Tuscany has been producing wine for thousands of years, and although we can’t be certain if the region always produced great wine, the last few decades suggest it may have often been so.
The world was slow to notice Tuscany’s wines. After all, there have been a fair number of regrettable ones. But a signal moment in 1978 changed perceptions. That’s when a Tuscan wine called Sassicaia bested a group of great estates from Bordeaux and the rest of the world in a London tasting.
Previously, Tuscany was known as the home of the Sangiovese grape, bottled usually under the regional label of Chianti. Sassicaia was a new thing from Italy’s premier region: a blend of Cabernet Sauvignon and Cabernet Franc, two grapes more at home in France’s Bordeaux region.
The other surprise was that Sassicaia didn’t hail from a classic wine region of Tuscany, such as Chianti or Brunello di Montalcino. Instead, Sassicaia was grown in a spot called Bolgheri, south of Chianti along the Tyrrhenian Sea.
These days no one is shocked when Sassicaia receives five-star ratings. There have been numerous other estates planted in Bolgheri, and it’s remarkable to think that a place with as ancient a winemaking tradition as Tuscany can still discover new spots for great vineyards.
While some Bolgheri vineyards extend all the way to the sea, the vineyards that supply Sassicaia wisely linger in the hills above. Excellent wine has been grown closer to the water, but my recent trip there convinced me that much of Bolgheri is the story of Goldilocks: it can be too warm or too cold. Climate conditions need to be just right to produce great wine.
Other grapes have proven themselves here, too: Ornellaia, one of the region’s top estates, grows all five of Bordeaux’s critical grapes (Cabernet Sauvignon, Cabernet Franc, Merlot, Malbec and Petit Verdot.) Ornellaia is one of the world’s great wines. The top Merlot vineyard is bottled as Masseto; it too is a benchmark wine, not only for Bolgheri but for all Italian wine. Le Macchiole is another lovely Merlot-based wine; Merlot and the other Bordeaux grapes seem to be ideally suited for particular spots nearer or farther from the ocean.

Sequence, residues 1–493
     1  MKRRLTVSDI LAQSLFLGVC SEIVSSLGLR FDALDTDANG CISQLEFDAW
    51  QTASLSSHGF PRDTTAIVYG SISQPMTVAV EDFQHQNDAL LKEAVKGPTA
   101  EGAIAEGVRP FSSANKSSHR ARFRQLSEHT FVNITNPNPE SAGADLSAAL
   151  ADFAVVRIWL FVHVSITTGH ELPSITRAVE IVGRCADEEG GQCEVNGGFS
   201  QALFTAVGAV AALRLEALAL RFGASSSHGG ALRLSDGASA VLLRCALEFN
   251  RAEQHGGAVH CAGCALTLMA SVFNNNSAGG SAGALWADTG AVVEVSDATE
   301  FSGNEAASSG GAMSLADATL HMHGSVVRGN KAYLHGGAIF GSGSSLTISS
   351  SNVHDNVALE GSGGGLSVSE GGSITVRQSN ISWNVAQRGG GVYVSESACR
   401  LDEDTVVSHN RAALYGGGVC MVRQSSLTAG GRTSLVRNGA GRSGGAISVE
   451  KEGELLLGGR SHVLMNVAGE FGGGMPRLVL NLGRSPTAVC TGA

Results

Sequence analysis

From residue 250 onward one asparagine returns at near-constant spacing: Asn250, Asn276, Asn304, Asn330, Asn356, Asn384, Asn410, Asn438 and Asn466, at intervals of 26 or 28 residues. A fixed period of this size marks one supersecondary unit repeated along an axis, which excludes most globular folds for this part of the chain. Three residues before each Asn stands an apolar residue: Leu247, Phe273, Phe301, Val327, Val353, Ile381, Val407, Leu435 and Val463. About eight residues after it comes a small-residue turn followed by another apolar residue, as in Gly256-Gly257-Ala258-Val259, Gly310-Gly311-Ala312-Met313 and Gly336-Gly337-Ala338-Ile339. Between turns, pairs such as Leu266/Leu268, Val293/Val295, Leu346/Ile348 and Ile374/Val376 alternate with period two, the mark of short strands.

Sangiovese is not absent from Bolgheri, but prices are high for the region’s wines. Famous Bordeaux varieties are perceived as more valuable than the ubiquitous Sangiovese grape. Sangiovese also ripens easily here, although earlier than in the rest of Tuscany and often too quickly, well before the grape’s native green astringency has softened.
Move farther away from the ocean, and Sangiovese prospers: Ornellaia has a lovely and more affordable wine called Le Volte with both Cabernet and Sangiovese. If Bolgheri’s high prices scare you off, Le Volte is a reasonable wine to taste in order to discover the region’s powerful character.
While there are many excellent estates in Bolgheri, the Antinori name pops up a lot. Ludovico Antinori owns Ornellaia. His cousin is the owner of Sassicaia. Ludovico’s nephew is the famed Piero Antinori; he has estates throughout Tuscany, including Guado al Tasso, itself one of Bolgheri’s best.
Perhaps Italy’s most famed name in wine is Gaja. Angelo Gaja makes brilliant Piedmont wines, but aided by his able daughter Gaia Gaja, he also offers fantastic Bolgheri wines under the Ca’ Marcanda label. These are Cabernet-based wines with lush fruit and boney structure. Their first vintage is 2000; that wine may age gracefully for decades.
And that age worthiness explains the world’s focus on Bolgheri. Chianti is better than it has ever been, without question. Modernization in the wineries and vineyards has transformed a once rustic region into a source of wines with vibrancy and depth. But it’s a bit early to know if Chianti’s new and modern wines can be relied on to improve as they age.
While wines from Brunello di Montalcino do age well, Bolgheri is still too young to be able to point to multiple vintages and estates with decades of excellence. But its Bordeaux-sourced varieties and exciting vineyards make Bolgheri as likely a place for great age-worthy Italian wine as any other.
Doug Frost is a Kansas City-based wine and spirits writer and consultant. He is one of only three people in the world to have earned the titles of master sommelier and master of wine. He contributes a monthly wine column for The Star’s Food section.